It’s About That Time, Kids

logoAs of last Thursday night, I’m about 95% done with school. Crazy, right? If you are ever considering going back to school, GO. It’s the single greatest decision I’ve ever made. I have a tendency to exaggerate, but I am serious when I say I have loved every day.

On “The Office,” Andy said, “I wish there was a way to know you’re in the good old days before you’ve actually left them.” I’m lucky, because I knew I was in them when Mina and I would brainstorm for Jean’s class in Brian’s class. I knew it when Dave told me to talk to people who like things and drink more water. I knew it when Zach said, “Yeeeeaah,” in a way that meant, “Um, no.” I knew it every time Mareen said, “chocolate” with her adorable German accent. I knew it when Meghan and I got lost in an empty parking lot. I even knew it when I broke my nose walking into a solid glass wall (shut up).

Don’t get me wrong, there were shitty days. Days I wanted to quit and do nothing but lay in bed and cry (AKA, days I updated my blog so I could stay in my pajamas longer). Weeks where I was physically at school for 50+ hours. Times when just hearing my classmates voices made me want to go on a rampage. I’m generally non-violent and helpful, so my rampage would have looked like this:

Behold my wrath as I gently lay this chair on the ground!!!!!

Behold my wrath as I gently lay this chair on the ground, then cheerfully assist you in putting it back where it belongs!!!

But there were also days that I went so far beyond what I thought possible for myself. I have laughed so hard that my cheeks still hurt the next day. I went places, met people, and did things that were so amazing they hardly seemed real. It was all great and I would change virtually nothing (well, one Saturday, maybe). Sometimes I wonder if 2011 me would recognize 2014 me. Nothing I regularly do now I would have thought possible then.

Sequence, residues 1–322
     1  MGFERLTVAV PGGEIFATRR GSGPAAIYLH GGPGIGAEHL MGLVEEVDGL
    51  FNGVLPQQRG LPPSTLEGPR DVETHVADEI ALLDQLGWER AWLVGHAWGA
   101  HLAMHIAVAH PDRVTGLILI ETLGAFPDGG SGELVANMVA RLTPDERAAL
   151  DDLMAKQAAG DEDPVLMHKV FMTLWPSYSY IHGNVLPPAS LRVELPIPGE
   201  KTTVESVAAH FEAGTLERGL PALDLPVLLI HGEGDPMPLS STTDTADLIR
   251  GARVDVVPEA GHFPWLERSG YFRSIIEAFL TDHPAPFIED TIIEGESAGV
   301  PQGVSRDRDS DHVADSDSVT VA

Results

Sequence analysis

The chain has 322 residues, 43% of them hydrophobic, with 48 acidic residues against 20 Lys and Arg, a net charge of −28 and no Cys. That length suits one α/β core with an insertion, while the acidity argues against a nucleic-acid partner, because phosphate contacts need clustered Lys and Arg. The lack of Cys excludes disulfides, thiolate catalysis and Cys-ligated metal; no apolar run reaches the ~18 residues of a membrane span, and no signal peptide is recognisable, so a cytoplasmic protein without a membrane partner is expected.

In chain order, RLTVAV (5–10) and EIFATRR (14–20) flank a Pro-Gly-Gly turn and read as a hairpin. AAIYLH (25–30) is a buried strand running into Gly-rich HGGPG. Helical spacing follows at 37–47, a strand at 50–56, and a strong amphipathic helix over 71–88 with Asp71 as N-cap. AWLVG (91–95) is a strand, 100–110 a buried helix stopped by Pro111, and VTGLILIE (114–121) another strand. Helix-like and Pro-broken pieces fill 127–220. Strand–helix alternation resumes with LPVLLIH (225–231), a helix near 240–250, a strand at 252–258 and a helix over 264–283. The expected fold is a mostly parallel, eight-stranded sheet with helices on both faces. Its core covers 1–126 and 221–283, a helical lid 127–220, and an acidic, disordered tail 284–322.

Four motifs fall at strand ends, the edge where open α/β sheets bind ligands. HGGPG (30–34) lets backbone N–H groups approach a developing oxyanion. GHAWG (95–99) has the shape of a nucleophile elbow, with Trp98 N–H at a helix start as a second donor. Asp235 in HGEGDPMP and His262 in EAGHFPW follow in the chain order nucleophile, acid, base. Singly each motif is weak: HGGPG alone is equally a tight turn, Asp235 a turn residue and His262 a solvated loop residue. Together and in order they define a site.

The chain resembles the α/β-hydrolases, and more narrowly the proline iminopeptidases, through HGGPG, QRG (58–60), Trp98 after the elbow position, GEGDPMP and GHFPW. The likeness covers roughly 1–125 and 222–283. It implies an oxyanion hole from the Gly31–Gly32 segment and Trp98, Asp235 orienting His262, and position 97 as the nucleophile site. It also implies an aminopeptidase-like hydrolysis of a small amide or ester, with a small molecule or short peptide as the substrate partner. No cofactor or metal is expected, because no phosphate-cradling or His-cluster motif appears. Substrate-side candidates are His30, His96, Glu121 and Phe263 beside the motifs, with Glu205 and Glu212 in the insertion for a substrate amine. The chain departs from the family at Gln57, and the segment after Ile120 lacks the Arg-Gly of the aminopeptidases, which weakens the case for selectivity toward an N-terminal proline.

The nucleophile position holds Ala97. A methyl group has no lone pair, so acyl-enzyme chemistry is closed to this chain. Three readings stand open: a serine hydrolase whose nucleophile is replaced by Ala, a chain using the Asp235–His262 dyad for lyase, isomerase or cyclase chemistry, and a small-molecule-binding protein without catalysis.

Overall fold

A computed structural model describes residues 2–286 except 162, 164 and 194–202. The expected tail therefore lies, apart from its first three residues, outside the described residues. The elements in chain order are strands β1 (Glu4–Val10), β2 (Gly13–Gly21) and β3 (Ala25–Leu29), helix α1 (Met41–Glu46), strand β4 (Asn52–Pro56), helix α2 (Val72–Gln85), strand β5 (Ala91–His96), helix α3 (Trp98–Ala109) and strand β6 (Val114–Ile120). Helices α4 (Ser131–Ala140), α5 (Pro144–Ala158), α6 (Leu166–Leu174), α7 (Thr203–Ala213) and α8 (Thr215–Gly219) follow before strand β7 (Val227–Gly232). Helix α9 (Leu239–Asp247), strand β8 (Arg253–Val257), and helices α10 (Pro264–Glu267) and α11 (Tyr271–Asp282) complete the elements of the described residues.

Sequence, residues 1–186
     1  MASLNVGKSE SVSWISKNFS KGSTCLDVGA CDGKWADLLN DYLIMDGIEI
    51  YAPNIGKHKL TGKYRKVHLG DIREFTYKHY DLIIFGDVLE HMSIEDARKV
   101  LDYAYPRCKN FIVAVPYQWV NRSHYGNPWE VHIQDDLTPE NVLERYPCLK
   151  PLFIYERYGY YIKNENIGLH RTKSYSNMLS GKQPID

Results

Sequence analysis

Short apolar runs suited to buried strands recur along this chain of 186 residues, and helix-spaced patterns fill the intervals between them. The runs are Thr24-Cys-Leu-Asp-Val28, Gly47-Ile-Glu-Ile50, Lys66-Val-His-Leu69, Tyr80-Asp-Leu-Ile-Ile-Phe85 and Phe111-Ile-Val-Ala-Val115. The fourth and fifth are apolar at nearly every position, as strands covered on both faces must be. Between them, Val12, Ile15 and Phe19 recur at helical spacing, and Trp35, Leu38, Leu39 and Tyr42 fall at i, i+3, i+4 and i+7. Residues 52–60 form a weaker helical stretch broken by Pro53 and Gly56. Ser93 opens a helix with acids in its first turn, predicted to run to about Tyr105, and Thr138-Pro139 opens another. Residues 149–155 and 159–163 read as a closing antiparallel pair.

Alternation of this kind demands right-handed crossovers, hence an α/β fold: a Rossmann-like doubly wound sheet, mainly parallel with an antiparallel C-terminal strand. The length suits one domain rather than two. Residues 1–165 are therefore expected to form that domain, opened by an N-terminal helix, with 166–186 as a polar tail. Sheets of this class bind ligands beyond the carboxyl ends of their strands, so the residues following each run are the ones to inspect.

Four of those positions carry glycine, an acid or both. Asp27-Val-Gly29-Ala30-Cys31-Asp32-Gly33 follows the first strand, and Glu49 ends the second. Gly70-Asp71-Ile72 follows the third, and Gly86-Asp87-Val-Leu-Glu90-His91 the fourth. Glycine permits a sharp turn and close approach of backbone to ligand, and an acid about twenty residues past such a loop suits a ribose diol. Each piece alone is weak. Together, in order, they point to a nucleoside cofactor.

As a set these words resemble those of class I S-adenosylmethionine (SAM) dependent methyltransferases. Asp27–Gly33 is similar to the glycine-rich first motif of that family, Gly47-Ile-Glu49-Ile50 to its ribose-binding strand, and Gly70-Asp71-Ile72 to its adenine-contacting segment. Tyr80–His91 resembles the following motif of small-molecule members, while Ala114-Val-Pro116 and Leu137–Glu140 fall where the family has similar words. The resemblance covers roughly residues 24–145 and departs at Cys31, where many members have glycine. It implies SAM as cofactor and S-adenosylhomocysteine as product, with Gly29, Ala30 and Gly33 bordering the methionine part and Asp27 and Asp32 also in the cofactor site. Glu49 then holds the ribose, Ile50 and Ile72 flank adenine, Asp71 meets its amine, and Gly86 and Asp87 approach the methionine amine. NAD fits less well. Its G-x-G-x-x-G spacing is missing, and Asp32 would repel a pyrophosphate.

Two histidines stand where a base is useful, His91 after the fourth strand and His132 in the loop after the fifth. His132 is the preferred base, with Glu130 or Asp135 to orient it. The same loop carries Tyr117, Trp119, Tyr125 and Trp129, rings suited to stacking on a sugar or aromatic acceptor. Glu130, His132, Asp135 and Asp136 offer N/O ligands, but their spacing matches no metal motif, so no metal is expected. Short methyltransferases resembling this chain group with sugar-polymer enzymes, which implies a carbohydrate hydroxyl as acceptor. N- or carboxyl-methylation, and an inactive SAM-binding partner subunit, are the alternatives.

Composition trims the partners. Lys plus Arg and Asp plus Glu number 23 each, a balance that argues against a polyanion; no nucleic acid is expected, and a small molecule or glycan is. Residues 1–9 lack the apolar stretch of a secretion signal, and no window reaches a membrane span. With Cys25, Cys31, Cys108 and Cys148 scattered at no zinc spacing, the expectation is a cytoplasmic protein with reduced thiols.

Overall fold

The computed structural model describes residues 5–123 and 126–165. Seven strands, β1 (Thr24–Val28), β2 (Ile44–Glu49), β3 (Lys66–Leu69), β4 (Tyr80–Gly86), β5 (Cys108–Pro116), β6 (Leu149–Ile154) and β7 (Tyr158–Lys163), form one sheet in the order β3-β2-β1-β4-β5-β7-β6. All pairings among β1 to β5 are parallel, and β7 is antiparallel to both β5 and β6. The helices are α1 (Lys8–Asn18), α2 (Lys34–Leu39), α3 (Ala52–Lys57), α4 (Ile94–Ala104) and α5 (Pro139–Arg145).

I remember sitting in my first class, Drawing for Design, over summer session, and we were all quiet. You know that unspoken tension where you start to think, “Why is no one talking? Is it okay to talk? Did something happen when I was in the bathroom? Should I be the brave one who talks?” It bothered me that I didn’t speak up. Everyone seemed in a good mood, but no one wanted to be the first one on the dance floor, so to speak. That night I realized that I had a choice- I could either go on and keep being the person who waited for someone else to go first or I could be the one who stepped up and out.

scary path

Unfamiliar roads always look like this in my mind.

I decided that I was going to walk into class the next day and be the one who spoke up and was friendly and fun. If I didn’t take this experience as an opportunity to reinvent myself, then what would be the point of any of this? I don’t specifically remember that next day, which tells me that it went fine. When fall semester rolled around, I had to again make a conscious effort to let out my bubbly fun side, but it was a teeny bit easier.

Fast-forward three years and to our portfolio night after party and I told everyone this kid Joe, who is young enough to by my son if I was on some 90’s version of Teen Mom, was my secret boyfriend (he’s not). I told another kid he was going to take trapeze lessons with me, and told horrifyingly awkward stories to two of my teachers. Of course, by “told” I mean, “drunkenly yelled across a crowded bar.” I also vaguely remember making pterodactyl-like noises for some reason. So yeah, it’s fairly safe to say that I am much more comfortable in my skin or an obnoxious drunk (“The latter”- you. “Shut up”- me).